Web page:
By Evelyn de Souza, Data Privacy and Security Leader, Cisco Systems and Strategy Advisor, Cloud Security Alliance
Everything we know about defeating the insider threat seems to not be solving the problem. In fact, evidence from the Deep, Dark and Open Web points to a greatly worsening problem. Today’s employees work with a number of applications and with a series of clicks information can be both maliciously and accidentally leaked.
The Cloud Security Alliance has been keen to uncover the extent of the insider threat problem with its overall mission of providing security assurance within Cloud Computing, and providing education to help secure cloud computing.
As a follow up to the Top Threats in Cloud Computing and over recent months we surveyed close to 100 professionals on the extent of the following:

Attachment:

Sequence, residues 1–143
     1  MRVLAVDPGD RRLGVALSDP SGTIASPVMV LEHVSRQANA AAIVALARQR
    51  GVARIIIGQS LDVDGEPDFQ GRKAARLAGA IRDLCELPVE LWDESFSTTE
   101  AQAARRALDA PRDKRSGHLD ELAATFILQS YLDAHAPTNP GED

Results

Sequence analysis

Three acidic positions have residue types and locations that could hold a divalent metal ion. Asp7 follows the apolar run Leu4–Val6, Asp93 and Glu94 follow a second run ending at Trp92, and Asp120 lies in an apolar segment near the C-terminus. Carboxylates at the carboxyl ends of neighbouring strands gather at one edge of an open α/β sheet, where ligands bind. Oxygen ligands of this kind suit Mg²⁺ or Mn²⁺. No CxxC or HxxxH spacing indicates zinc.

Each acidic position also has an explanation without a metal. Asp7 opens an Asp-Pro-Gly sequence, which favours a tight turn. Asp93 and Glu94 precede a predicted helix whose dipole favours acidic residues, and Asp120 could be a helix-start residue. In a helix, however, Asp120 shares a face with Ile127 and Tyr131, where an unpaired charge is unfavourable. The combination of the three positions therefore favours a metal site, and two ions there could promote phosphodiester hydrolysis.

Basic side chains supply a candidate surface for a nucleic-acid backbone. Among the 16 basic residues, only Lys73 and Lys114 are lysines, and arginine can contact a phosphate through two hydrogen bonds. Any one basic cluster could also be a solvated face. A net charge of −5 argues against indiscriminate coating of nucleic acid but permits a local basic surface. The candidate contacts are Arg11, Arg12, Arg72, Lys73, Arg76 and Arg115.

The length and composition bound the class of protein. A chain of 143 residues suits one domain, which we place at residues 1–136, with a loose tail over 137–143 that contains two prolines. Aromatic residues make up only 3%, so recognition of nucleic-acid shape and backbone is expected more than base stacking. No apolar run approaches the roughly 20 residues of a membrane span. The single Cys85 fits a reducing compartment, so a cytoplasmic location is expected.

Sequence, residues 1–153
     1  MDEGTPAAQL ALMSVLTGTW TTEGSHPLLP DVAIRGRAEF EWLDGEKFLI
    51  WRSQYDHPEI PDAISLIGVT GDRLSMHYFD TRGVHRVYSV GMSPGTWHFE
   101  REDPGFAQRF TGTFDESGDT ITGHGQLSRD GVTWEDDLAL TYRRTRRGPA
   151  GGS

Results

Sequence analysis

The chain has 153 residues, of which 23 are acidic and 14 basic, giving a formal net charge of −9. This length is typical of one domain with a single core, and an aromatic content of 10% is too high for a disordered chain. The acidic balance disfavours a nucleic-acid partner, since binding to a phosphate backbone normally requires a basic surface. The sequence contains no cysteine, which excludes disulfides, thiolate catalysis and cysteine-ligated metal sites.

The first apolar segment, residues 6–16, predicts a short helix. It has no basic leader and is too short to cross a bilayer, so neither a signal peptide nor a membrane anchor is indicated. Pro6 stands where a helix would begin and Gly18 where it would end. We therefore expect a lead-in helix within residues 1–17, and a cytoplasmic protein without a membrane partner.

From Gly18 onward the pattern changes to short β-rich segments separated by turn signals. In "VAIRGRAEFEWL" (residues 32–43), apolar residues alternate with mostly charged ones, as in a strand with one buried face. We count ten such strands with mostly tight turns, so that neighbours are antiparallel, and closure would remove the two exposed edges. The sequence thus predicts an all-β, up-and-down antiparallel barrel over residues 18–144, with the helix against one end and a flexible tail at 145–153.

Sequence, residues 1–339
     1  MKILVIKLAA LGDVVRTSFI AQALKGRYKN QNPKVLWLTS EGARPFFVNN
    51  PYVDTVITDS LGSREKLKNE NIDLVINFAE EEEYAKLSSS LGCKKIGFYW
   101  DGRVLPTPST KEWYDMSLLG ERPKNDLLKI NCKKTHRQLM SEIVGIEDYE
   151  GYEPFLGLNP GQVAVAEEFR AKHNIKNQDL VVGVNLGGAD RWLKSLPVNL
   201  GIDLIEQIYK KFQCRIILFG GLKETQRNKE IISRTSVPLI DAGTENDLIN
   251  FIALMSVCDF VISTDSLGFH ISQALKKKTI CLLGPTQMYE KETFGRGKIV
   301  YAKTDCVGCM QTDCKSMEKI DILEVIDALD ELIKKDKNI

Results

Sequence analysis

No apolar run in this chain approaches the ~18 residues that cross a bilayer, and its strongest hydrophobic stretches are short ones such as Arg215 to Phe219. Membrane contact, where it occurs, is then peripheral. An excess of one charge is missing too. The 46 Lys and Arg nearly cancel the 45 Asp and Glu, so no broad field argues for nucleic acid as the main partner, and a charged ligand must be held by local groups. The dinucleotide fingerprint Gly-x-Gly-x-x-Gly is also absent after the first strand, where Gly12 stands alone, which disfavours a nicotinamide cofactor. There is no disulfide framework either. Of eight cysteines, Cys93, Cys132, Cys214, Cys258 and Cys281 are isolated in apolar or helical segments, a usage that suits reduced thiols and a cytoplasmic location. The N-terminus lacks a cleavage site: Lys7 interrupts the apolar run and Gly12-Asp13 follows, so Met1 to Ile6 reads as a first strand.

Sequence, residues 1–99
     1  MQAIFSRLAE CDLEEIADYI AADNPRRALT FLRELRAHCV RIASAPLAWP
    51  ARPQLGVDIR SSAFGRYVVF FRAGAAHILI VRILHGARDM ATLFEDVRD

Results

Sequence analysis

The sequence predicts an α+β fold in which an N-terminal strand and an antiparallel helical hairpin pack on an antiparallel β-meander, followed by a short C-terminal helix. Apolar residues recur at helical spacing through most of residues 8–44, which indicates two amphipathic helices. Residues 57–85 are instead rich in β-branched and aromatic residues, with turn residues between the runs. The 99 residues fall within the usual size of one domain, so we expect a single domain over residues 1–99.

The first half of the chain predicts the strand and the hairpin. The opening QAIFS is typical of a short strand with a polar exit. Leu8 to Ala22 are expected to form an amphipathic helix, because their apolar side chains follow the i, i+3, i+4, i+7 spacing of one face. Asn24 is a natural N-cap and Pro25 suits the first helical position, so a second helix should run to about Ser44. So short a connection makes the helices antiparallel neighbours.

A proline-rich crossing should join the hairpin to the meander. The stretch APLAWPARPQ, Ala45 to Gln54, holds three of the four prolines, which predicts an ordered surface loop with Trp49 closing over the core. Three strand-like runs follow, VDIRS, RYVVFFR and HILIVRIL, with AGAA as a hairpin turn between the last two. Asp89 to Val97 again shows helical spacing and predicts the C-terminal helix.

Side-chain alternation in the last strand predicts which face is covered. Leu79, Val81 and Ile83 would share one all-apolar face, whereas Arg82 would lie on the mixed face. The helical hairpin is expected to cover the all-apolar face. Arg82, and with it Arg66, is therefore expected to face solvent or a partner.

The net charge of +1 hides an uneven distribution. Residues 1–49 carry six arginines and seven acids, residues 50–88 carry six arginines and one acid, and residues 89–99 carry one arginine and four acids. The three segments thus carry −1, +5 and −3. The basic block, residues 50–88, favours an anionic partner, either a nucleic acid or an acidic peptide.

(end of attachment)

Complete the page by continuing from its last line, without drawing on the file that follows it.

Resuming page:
- Employees leaking critical information and tradecraft on illicit sites
- Data types and formats being exfiltrated along with exfiltration mechanisms
- Why so many data threats go undetected
- What happens to the data after it has been exfiltrated
- Tools to disrupt and prevent the data exfiltration cycle
- Possibilities to expunge traces of data once exfiltrated
We asked some difficult questions that have surprised our audience and that many were hard pressed to answer. We wanted to get a clear picture of the extent of knowledge and where the gaps lay. We hear lots of talk about the threats to the cloud and challenges that organizations facing it take. And, in the wake of emerging data privacy regulation, we see much discussion about ensuring levels of compliance. However, the results of this survey show there is a gap with dealing with both present and future requirements for data erasure in the cloud. And, that despite the fact that accidental insider threats or misuse of data is a common phenomenon, there is a distinct lack of procedure for dealing with instances across cloud computing.